A while back, I shared my thoughts on The Whispers, a new sci-fi drama on ABC, about a malicious entity from space coming to earth and befriending children. To summarize, at the time I thought the show had horrible characters who oozed massive amounts of white privilege into every scene they were ever in. It didn’t help that there’s only one Black character of note, no LGBTQ+ people, and the one disabled person is healed from his disability.
All in all, though I said that I enjoyed the overall plot, I found the characters lacking and hard to invest in. So now that the first season has wrapped up, have my thoughts changed? Well… no, not really. In many ways the show improved, and now I actually have a few good things to say about it. In other ways, it somehow managed to get worse.
I will concede that The Whispers did become more exciting as the story progressed. I finally found myself somewhat caring about the affair between Wes and Claire—mostly that is because Wes’s wife, Lena, is my favorite character and watching her struggle with both the betrayal and Claire being in her life when she doesn’t want her there was probably some of the best writing in the show. The Whispers also managed to raise an interesting moral question as well, and I was genuinely excited to see how that would be handled. Unfortunately, I was disappointed in the answer.
The alien entity Drill, we learn, is dying. He requires energy, nuclear or electrical, to live. Unfortunately for Drill, the amount of energy he is able to consume at any given time is not enough to sustain him. With this knowledge, our characters finally figure out a way to kill him—they can cut him off from power grids, trap him, and then wait as he slowly starves to death. The only way for Drill to save himself is to possess a child. This possession would also result in the death of whatever child he chooses. Furthermore, the possession is permanent.
Even though Drill would be vulnerable once he takes over a child’s body and easily killed, this would still require a child sacrifice, which is not something our characters are keen on. Instead, they opt for the power-grid option that I mentioned earlier, and surprisingly, this plan does work. Unfortunately, Drill knows what our characters are up to, and he tricks a child into finding him when the power goes out. Drill then threatens to possess and kill the child if the power is not restored.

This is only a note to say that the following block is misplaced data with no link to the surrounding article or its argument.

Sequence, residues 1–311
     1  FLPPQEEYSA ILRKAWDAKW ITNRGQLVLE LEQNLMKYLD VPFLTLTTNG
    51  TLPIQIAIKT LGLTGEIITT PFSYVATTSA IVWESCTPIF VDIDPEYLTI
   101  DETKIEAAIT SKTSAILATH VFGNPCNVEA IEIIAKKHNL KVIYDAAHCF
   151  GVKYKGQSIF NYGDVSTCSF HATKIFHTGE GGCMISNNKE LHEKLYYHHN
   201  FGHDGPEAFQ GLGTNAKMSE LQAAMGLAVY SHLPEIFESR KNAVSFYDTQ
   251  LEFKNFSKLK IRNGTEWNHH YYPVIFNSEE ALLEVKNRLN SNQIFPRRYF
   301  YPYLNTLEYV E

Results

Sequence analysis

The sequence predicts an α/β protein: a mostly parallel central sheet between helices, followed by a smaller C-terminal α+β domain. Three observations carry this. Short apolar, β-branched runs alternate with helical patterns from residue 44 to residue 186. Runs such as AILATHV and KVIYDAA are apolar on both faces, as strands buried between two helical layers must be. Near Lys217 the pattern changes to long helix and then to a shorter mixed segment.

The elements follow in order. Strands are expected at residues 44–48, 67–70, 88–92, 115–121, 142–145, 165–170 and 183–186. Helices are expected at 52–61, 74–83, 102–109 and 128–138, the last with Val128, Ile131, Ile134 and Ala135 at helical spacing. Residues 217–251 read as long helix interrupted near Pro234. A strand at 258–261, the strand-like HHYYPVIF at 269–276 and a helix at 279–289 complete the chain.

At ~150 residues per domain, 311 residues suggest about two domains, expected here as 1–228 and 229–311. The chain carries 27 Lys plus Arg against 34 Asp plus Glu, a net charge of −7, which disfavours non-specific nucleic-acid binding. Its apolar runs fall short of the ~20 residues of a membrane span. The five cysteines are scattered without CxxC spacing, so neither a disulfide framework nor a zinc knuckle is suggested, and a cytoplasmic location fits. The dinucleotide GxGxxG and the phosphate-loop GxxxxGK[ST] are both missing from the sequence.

This was the moment when our ethical dilemma was brought forward. If the characters let Drill go, they save this one child, but they run the risk of condemning another child, while allowing Drill yet more time to finish his master plan. Naturally, our heroes Claire and Wes want to turn the power back on, since they don’t think sacrificing a child is the right way to go. And while I agree with them on that point, not being the right way doesn’t change the fact that this was the only way, or rather, the least awful way. Normally when protagonists make decisions like this, we expect in the end for everything to work out well. If they’re planning on saving this one child and refuse to sacrifice him, then surely they’ll manage to save any other child. Otherwise, all they’ve done is trade one life for another life, while endangering a whole bunch of other people in the process. In other words, it makes them irresponsible assholes. Turning the power back on was literally the stupidest thing the characters could have done, and yet for some unfathomable reason, the president agreed to do it, despite his advisers telling him what a horrible and dangerous idea that was.